Last month a YouTube video was released by a man named Jason Russell (a member of the Invisible Children activist group) who took it on himself to ‘award’ a vicious warlord in Uganda with celebrity in the hopes of raising enough awareness to bring the inhumane politics to an end. The name of the warlord is Joseph Kony and Russell’s video is an introduction of Kony to the mainstream by way of YouTube. The video became an internet phenomenon with over 100 million views since its launch. Today the sequel to this video has launched. see video
Essentially Russell and Invisible Children with the help of celebrities like George Clooney and P. Diddy have created a brand for Kony. They are attempting to make what has been invisible for the past 20 years visible to the world. The first video encourages all of us to use April 20 as a day to promote Kony’s name “grass-roots” style in our streets.
Russell included footage of himself educating his young son about the evils of Kony, an action that both implicitly demonstrates the level of his passion about ending Kony’s reign and reinforces his message to all of us to take human rights violations personally. see video
What is possibly most noteworthy about the Part I video is that it was created by activists and not politicians. The Kony videos demonstrate how political activism is becoming more and more sophisticated, in this case by practicing branding and propaganda techniques used mostly by powerful corporations and governments to date. In the past political activism was more easily marginalized by the political attitudes of the status quo. But when 100 million people are made aware of something its fair to say that that idea or ‘product’ has hit the mainstream despite critics' attempts at labeling the phenomenon as "slacktivism".
Last year at the Destination Design Management and FUSE conferences Ben Blumenfeld, creative lead at Facebook, spoke about Oscar Morales and Morales’ virally powerful stance against the FARC in Colombia through a Facebook page he created go to page. While the FARC (known for kidnapping and hostage taking) and Kony are worlds apart from each other, the ever shrinking world of global awareness through social media platforms brings them together for any of us to investigate at a moment’s notice. These are real people in real situations sharing stories and calling out for help on Facebook and Youtube and they are being heard like never before; globally and as Russell has shown by tens of millions of people.
The voice of human rights in general is finding empowerment through the immediacy of social media and proving that every day people can facilitate change despite the actions of their governments.
After Blumenfeld’s talk at our DDM conference in San Francisco I approached him about what was going on in the Democratic Republic of Congo (a neighboring country to Uganda). I mentioned the A Thousand Sisters Facebook page which was created by Congo activist Lisa Shannon. He wasn’t familiar with the group or the conflict. News from that remote region of the world is hard to come by. Much of the trouble in that region of Africa looks the same to westerners because of the extreme conditions that we hear about (child soldiers, sexual slavery, murder, rape, mutilation, on and on…). We have a vague understanding of what goes on but it is fair to say that we in the U.S. as a collective body of people have shown that we really don’t feel a connection to the atrocities. The experiences are so horrific that they don’t even seem real to us. I’m wondering if Kony 2012 will change this.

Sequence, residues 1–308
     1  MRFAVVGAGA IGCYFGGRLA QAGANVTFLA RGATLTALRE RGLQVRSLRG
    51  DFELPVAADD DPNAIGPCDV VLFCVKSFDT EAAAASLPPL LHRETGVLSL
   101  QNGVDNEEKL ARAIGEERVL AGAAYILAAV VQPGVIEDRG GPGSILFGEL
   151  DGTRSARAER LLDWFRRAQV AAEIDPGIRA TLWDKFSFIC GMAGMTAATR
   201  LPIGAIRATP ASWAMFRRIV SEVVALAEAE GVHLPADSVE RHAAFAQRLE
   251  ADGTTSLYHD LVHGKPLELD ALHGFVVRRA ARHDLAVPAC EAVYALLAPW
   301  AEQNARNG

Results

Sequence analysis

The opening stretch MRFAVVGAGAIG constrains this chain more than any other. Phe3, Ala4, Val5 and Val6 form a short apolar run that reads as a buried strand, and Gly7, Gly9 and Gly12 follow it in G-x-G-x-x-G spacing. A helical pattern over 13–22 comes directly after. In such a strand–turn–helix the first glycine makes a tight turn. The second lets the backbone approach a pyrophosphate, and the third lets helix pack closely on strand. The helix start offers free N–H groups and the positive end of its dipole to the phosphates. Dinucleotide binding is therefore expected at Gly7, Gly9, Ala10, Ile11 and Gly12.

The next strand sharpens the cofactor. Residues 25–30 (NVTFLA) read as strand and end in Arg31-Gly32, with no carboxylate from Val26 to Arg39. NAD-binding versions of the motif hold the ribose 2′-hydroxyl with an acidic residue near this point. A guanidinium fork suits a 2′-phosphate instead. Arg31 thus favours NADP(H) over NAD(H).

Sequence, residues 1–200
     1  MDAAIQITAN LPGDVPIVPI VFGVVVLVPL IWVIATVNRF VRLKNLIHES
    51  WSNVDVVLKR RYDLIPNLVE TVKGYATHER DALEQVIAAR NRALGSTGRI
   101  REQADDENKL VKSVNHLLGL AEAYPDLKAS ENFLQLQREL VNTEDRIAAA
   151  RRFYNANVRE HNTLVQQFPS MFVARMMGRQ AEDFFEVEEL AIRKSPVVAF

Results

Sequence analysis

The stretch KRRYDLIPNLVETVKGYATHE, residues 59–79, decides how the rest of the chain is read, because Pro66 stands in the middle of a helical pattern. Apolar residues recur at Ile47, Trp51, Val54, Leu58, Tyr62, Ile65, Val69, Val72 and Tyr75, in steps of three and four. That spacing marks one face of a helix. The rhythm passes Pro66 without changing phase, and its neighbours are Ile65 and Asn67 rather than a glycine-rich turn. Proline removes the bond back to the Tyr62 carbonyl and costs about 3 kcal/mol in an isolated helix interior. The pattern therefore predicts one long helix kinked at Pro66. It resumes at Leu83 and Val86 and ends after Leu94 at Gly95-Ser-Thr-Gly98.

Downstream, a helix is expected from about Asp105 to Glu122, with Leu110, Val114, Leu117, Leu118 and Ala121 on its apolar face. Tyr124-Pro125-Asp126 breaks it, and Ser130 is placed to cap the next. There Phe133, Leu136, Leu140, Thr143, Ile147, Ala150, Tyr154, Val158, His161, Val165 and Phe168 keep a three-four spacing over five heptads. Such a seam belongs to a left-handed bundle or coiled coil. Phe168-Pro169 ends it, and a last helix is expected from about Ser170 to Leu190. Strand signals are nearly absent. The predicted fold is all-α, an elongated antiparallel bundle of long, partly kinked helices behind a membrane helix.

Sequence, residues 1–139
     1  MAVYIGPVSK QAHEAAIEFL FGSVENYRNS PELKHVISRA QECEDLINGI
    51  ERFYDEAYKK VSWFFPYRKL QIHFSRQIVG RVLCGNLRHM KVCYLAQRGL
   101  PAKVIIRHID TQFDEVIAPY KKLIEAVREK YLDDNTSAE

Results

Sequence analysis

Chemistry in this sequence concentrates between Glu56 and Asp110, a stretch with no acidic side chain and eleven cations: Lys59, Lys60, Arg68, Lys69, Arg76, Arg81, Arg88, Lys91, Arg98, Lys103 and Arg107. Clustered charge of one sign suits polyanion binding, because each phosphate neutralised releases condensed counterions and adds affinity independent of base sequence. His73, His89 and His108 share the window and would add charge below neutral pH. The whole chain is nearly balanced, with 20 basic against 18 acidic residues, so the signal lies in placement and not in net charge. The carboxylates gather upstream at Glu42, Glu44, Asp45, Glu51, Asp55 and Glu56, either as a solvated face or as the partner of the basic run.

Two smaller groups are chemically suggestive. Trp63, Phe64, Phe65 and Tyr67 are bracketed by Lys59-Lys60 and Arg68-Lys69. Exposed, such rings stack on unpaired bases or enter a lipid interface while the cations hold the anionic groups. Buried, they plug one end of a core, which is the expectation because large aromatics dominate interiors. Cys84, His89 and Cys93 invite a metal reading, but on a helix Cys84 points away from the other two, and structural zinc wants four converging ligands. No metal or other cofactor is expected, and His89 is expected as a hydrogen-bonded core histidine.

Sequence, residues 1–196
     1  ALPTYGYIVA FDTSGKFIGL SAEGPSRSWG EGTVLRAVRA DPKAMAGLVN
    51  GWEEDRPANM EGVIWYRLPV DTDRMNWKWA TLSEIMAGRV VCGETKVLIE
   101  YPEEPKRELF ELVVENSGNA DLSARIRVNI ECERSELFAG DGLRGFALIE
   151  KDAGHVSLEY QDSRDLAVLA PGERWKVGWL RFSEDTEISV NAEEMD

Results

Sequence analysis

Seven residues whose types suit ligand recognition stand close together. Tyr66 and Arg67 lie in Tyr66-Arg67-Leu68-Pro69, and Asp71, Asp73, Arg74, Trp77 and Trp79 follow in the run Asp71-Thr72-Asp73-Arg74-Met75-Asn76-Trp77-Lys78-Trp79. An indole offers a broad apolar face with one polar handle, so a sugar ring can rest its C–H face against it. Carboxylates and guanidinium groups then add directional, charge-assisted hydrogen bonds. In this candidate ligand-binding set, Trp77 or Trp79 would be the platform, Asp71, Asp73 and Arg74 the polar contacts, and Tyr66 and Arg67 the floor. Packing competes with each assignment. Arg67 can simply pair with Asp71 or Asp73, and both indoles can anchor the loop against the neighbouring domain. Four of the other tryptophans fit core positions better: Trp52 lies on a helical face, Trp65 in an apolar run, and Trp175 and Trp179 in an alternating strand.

Mainstream movies like Blood Diamond may temporarily ‘connect’ us to what’s going on but from a viewer’s standpoint we can then place the ‘drama’ behind the story in the same psychological space as other movies that we’ve seen. The story then remains just a story to us.
What I am referring to in this blog as the ‘branding of evil’ creates a connection for us on another level. KONY 2012 is an activist promotion that mirrors the United States campaign against Osama Bin Laden. It brings the horrors in Africa home to us by way of campaign imagery and documentary discussion. It places a face on the depraved African politics in the way that Bin Laden’s face became synonymous with 911. It’s a brilliant leap forward for the mission of the Invisible Children group. It is also disruptive, upsetting and scary.
The “branding of evil” can have a reverse effect making the atrocities very real (even “hyper real”) and in our face… Putting Kony’s name on a campaign banner conjures up a glorification of his character that can be either good or bad, though black and red are reminiscent of the Nazi party which as we all know carries enormous historical brevity. Campaigning for Kony is an innovative concept and it could very well be the instigator that shocks us into acknowledging the horrific images of eastern-central Africa as a reality. Though, the first video in particular has come under a lot of criticism because of what some feel are inaccurate claims and what others feel to be the right course of action.
While volumes of books can be written on this subject its important to note that so much of our every day life is inundated with inaccurate political accounts and that its only fair to give this subject its due acknowledgement. While Jason Russell’s facts, according to critics, may not all be together we can all understand his message, his efforts and his intentions through the brand that he has helped to create and promote with this video.
Apart from that I will add to anyone who reads this to keep the debates and discussions alive. Don’t be afraid to speak out. Don’t be afraid to be wrong and always, always fight what you see to be evil!